News Release

REF NO.: 45

SUBJECT: Public lecture to explore sustainability in small city living

DATE: October 26, 2010

Dr. Kimberly Gray is the guest lecturer for the 2010 Dialogue on Advancing Global Sustainability. Her lecture, Transforming our Cities: Sustainability and the Post-Fossil Fuel Future, will take place Thursday,
Oct. 28, at 7:30 p.m. in the Inco Innovation Centre, room IIC-2001.
            Join Dr. Gray as she discusses whether or not we can ever make the human enterprise sustainable. She argues that we could certainly make great strides in the short term with our current technical knowledge in the ways we use energy and resources, and in the ways we design and operate our cities.
            She will discuss various perspectives on "sustainability," a term that means very different things to different people, and make the case for why this is a pressing issue to be addressed sooner rather than later. She will also touch on the need to change the patterns by which we live and move and how this can be affected by the energy/climate picture, as well as the requirements and feasibility of developing truly renewable energy sources and what this would mean for urban, suburban and small city living.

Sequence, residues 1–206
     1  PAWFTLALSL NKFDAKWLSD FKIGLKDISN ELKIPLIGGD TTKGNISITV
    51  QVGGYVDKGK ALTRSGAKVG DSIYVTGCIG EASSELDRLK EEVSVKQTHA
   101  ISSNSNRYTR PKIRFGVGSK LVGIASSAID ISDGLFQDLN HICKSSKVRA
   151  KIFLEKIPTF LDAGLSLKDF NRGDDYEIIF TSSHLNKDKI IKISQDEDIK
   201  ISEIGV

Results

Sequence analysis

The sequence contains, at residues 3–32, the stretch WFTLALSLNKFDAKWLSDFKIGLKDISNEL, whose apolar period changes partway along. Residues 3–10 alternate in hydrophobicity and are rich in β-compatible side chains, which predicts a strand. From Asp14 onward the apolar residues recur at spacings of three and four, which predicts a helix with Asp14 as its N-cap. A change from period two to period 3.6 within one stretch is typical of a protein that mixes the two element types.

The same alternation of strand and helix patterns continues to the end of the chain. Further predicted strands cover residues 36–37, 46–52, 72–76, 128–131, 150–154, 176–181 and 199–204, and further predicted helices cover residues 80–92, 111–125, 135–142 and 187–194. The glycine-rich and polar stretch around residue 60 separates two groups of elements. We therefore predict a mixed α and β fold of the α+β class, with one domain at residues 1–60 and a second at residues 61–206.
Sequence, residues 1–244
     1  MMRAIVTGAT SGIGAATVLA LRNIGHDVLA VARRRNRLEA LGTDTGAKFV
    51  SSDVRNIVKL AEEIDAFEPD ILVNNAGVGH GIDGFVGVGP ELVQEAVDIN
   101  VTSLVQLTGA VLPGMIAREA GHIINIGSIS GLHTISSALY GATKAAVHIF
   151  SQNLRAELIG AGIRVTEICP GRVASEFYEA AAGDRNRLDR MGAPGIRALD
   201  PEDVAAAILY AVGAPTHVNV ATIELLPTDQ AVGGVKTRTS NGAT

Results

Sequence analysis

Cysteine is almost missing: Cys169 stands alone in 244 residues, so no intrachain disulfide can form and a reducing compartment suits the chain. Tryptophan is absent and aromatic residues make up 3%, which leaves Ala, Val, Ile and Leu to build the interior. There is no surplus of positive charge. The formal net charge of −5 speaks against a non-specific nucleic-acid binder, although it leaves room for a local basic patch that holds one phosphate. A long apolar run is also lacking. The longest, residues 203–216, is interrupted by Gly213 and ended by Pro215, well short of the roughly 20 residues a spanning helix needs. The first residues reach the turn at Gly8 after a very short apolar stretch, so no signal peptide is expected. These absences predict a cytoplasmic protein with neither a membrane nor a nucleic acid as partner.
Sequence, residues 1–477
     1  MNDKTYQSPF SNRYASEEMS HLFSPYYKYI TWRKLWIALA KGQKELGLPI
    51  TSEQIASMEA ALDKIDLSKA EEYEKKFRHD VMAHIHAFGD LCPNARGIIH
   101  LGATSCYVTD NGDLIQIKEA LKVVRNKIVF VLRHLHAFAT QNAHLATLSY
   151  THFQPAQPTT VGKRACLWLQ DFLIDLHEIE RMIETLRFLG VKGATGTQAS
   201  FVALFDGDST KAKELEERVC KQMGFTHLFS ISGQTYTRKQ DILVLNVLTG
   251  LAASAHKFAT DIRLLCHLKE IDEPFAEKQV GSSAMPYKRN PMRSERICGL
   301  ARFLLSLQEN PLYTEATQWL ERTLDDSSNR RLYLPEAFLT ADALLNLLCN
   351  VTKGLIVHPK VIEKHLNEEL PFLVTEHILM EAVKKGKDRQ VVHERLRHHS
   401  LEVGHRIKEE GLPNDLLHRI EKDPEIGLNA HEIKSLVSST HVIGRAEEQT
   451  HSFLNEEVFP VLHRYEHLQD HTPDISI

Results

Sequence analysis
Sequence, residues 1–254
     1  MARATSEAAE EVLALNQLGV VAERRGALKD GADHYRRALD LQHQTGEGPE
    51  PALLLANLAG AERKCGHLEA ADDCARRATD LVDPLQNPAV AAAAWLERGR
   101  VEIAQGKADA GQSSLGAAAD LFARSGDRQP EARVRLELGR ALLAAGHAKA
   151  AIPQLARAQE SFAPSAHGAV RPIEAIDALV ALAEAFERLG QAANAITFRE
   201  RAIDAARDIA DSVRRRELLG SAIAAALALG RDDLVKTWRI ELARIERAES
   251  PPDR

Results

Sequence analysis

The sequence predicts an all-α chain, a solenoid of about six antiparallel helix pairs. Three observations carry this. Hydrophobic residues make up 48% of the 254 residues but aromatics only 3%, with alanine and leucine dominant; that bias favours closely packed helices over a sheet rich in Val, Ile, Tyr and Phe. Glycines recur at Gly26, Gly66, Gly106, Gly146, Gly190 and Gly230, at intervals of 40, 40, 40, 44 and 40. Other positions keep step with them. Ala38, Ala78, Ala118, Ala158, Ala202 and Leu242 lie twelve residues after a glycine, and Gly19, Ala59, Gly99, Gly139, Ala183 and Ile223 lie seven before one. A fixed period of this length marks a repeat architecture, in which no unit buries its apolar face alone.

Dr. Gray will also lead a research seminar, Green Cities/ Brown Lakes: The Challenges of Great Lakes Restoration on Oct. 29 at 1 p.m. in the Science Building, room SN-2101 and a roundtable session, How to Make Cities Sustainable: Lessons for St. John’s, on Oct. 29 at 2:30 p.m. in the Arts and Administration building, room, AA-5014.
            Dr. Kimberly Gray is a professor in the Departments of Civil and Environmental Engineering and Chemical and Biological Engineering at Northwestern University. Her areas of expertise are environmental catalysis and physicochemical processes in natural and engineered environmental systems with particular focus on energy and sustainability applications. She is particularly interested in ecologically inspired design, especially as applied to cities. She works closely with the Chicago Legal Clinic to provide technical expertise to solve environmental problems for low-income urban communities. She is the author of over 100 scientific papers and lectures widely on energy and environmental issues.

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